North Ogden is not simply the north part of Ogden; it is an actual municipality that is separated from Ogden by Harrisville. In the last census it had a population of 15,026, but there has been a lot of growth since then. North Ogden’s home town atmosphere remains intact; although, growth has introduced significant strain.
As with most small communities in Utah, North Ogden started out rural. After WWII, the city began its transition to suburbia. Since that time there has been a deliberate effort to maintain a mostly suburban residential atmosphere and to minimize business impact. The city’s businesses are mostly oriented toward citizens as consumers rather than toward citizens as workers. Few of the city’s residents work in the city.
Less business = lower sales tax revenue = higher property taxes. In fact, North Ogden’s property tax rate is the highest rate in Weber County and is among the highest rates in Utah. Although business has expanded over the past decade as city officials have actively courted certain types of businesses, the sales tax base remains low and property taxes remain high.
Although I am a native of Colorado, North Ogden has been my home for most of my life. My family has always placed a relatively high value on swimming and related water recreation. My dad enjoyed swimming while growing up northwest Germany. When I was a kid, North Ogden had a municipal swimming pool that was about a mile from our house. It was an outdoor pool adjacent to one of the city’s elementary schools. Each summer we acquired a season pass for the family. My brothers and I took swimming lessons and spent countless hours at the pool throughout the summer. We’d walk down there to swim almost daily.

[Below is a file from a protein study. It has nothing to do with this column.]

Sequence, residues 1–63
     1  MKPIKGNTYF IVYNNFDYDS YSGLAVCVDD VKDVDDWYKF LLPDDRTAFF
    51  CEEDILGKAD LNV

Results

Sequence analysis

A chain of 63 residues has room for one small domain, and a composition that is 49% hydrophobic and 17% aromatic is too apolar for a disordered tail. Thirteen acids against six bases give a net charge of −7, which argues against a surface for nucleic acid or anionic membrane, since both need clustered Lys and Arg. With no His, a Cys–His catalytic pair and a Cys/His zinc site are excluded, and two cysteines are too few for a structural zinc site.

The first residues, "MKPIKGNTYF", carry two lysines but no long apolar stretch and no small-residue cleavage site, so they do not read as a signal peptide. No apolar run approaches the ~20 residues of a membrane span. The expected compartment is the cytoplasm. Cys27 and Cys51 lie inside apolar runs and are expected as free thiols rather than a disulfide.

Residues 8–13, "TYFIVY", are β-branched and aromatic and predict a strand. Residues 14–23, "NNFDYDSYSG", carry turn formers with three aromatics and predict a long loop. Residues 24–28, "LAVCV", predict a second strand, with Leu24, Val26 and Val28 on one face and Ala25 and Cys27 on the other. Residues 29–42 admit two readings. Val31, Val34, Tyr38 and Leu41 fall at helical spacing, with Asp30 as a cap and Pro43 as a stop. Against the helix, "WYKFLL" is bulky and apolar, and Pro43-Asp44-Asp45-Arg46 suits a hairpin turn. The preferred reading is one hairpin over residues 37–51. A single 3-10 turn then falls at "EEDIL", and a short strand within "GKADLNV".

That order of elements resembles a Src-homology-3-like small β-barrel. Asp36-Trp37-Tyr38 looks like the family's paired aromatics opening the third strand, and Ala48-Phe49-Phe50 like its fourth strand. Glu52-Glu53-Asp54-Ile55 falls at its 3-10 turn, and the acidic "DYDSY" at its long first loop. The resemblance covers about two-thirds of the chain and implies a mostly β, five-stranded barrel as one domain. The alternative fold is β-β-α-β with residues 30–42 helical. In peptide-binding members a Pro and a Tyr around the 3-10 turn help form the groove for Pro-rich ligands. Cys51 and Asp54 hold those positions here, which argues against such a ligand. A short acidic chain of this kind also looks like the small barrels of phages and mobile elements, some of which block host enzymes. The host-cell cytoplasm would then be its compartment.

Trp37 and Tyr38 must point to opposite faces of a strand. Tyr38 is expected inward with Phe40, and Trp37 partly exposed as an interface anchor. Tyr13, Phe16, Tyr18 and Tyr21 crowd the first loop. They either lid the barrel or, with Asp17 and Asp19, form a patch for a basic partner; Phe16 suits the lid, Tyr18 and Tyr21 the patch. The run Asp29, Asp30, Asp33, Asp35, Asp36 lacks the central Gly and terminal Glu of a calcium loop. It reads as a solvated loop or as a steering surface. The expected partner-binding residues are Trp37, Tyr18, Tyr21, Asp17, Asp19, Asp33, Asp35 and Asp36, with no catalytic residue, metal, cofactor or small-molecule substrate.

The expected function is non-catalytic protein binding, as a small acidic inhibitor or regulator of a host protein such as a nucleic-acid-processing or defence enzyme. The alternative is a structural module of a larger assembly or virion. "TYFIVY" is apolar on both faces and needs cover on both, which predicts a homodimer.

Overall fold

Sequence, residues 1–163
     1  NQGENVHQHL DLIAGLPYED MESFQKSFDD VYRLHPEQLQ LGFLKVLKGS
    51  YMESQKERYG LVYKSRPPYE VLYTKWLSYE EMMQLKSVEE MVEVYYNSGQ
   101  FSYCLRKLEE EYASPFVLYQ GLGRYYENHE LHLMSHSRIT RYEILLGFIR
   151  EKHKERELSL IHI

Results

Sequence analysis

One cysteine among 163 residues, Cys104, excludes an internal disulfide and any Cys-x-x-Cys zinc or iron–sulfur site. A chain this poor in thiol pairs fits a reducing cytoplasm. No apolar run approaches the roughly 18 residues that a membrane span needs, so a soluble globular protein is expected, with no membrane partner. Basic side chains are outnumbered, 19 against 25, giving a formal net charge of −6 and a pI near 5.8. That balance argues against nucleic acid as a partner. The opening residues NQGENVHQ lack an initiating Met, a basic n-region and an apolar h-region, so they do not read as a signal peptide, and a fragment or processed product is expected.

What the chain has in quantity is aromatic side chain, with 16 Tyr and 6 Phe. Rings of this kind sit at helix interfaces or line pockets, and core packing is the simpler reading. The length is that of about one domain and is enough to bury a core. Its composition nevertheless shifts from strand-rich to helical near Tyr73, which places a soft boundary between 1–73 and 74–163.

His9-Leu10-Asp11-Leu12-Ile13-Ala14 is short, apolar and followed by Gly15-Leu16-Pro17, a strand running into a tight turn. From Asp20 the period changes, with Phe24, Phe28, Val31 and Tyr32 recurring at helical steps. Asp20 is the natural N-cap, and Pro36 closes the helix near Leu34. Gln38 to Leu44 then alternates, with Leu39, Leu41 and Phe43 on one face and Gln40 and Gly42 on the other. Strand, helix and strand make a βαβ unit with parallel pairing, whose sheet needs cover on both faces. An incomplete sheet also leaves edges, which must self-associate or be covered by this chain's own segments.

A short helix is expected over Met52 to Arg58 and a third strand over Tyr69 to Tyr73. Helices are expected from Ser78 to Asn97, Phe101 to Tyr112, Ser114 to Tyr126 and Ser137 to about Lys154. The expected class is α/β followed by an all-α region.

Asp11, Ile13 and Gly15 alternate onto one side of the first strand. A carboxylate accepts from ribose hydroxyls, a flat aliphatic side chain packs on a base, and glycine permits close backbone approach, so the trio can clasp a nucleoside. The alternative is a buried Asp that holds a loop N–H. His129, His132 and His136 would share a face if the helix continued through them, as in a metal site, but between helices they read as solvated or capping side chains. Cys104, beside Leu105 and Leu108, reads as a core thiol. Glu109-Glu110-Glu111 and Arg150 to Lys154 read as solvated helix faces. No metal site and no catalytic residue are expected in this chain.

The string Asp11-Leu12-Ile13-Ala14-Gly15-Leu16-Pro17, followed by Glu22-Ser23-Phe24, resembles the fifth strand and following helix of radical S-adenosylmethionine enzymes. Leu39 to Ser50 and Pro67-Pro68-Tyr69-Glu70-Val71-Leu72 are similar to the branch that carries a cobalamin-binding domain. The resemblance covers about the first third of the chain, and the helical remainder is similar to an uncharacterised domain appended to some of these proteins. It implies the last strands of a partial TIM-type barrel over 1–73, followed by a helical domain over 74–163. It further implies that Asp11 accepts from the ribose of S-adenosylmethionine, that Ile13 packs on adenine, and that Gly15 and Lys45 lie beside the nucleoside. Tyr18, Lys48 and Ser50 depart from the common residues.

A few years ago, it became clear that the municipal pool was in sore need of substantial repair and/or upgrade. A couple of other northern Utah towns built new water recreation pools that offered far more activities than simply swimming. Forward looking residents pushed for North Ogden to do something similar. But water recreation facilities are expensive to build and maintain. Town officials said that the recreation budget simply couldn’t be stretched that far, so a bond was suggested. Many residents wanted a new pool, but a strong majority did not want to bond for it, so the bond failed.